From this understanding, I recognize that the actual ‘understanding’ of a text requires more than simply being about to grasp the meaning of the sentences, but oftentimes requires individuals to grasp the deeper philosophical and cultural implications of the text. In these regards, literacy extends beyond simply reading ability, and also incorporates a complex level of understandings. Furthermore, I recognize that while text represents one form of literacy, literacy may also represent visual elements; in these regards, being literate in terms of the media or film is also possible.
How has literacy changed since I was at school?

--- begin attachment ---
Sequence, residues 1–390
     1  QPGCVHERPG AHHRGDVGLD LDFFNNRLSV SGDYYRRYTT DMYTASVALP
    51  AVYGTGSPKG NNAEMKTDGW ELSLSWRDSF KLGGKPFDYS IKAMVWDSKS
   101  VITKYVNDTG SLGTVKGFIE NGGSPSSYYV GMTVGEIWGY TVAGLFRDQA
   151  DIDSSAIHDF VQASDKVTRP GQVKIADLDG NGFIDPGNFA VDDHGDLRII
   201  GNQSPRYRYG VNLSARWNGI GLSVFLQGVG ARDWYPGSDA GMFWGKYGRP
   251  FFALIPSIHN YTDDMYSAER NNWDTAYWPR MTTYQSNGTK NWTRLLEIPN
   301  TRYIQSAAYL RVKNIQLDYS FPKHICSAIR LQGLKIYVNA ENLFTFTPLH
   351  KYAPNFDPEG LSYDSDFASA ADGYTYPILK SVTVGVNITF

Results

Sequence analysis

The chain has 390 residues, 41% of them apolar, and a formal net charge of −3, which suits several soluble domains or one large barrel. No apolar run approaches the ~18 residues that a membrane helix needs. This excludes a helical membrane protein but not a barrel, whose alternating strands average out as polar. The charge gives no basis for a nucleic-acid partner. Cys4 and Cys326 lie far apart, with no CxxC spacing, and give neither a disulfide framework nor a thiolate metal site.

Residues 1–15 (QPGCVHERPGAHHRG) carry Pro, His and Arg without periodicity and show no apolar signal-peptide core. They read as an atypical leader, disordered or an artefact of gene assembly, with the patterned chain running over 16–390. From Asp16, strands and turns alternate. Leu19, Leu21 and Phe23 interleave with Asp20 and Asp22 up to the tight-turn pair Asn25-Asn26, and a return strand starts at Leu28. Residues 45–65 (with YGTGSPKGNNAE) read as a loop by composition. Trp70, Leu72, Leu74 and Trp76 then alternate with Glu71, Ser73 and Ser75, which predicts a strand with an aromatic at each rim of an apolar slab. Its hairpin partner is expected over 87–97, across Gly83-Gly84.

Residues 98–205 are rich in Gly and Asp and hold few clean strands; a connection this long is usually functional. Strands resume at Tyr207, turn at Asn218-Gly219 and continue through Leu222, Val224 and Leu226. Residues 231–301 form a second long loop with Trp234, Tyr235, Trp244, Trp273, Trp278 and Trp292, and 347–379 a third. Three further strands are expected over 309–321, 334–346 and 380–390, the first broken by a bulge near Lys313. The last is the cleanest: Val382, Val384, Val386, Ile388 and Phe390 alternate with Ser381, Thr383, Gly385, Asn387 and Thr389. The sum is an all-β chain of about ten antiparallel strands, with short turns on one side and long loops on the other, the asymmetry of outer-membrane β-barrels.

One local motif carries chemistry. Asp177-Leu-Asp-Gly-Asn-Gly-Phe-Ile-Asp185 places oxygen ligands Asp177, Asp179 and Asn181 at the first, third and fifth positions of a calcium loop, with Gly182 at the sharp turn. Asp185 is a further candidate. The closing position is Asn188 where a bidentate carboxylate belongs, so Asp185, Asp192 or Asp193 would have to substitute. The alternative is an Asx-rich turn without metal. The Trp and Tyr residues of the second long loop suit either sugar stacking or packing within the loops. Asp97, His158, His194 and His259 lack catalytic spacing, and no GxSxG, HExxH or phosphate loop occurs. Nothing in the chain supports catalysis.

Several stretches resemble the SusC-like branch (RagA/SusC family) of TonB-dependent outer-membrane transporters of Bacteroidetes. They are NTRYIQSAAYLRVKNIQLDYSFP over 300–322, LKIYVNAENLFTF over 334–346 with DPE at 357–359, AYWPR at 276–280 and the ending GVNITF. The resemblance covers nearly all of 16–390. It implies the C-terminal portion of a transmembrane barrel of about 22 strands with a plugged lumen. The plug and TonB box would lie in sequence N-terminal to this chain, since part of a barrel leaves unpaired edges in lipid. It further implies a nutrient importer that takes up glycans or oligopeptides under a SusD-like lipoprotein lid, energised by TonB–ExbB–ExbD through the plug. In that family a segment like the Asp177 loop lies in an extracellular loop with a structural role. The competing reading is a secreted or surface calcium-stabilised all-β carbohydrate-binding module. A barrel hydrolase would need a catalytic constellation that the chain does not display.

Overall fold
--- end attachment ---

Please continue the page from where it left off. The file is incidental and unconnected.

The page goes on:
With the advent of the internet and the recent explosion of social networking platforms, it’s clear that literacy represents far more than mere literature or textual storytelling. Today it’s necessary for students to grasp literacy in terms of the complex array of contemporary modes of expression. What do I think Multiliteracies will be about? I believe that multiliteracies will be about exploring the different forms of literacy that predominant the contemporary world. In these regards, I believe it will go beyond simply exploring textual literacy, but also consider the nature of media literacy. In these regards, literacy will come to encompass a much broader or – multiple – understanding. Key points from readings weeks 1-4 (can be in dot points): In the contemporary world literacy encapsulates a much broader spectrum of understanding than in the past. For instance, computer games and card games have come to be examined for their educational value. While individuals generally consider literacy in terms of a text or visual based item, one must also consider that within deciphering these text/visual elements is the necessity of deeper cultural understanding. The week two readings, while most importantly considering the necessity of school and home partnership, also demonstrated the necessity of deeper cultural understanding to achieve higher literacy. Keeping with this relation of culture and literacy, week 3’s readings considered the nature of multiple-literacies not in terms of multiple mediums (textual, visual) but also in terms of multiple forms of cultural expression. After having completed the first weeks of Multiliteracies this is how I would explain literacy to a student not studying this unit: The primary argument is that in the 21st century there has been a notable shift in the means of cultural expression away from predominantly text-based forms of expression. Furthermore, research has indicated that, “…children are not less frequently presented with linear modes of representation. Instead, print is juxtaposed with images and hyperlinks” (Marsh 128). In addition to recognizing that there are different types of literacy, it’s increasingly clear that culture is a major factor within deepening understanding of literacy. Vazquez also argues for the need of school curriculums to consider multiple forms of cultural expression (for instance minority expression). Key points from readings weeks 6-10 (can be in dot points) Rather than viewing literacy in terms of cognitive abilities, new forms of understanding have viewed literacy as a sociocultural practice. In these regards, literacy and second language acquisition function as powerful analogies, as they both rely on developing communicate competence to deepen one’s subject matter comprehension. In terms of reading cultural, individuals must consider both objectivism and subjectivism as prevailing modes of interpretive discourse. My new learnings about literacy are: While the previous readings considered the cultural rootedness of literacy, these readings further articulated this concept to the practice of sociocultural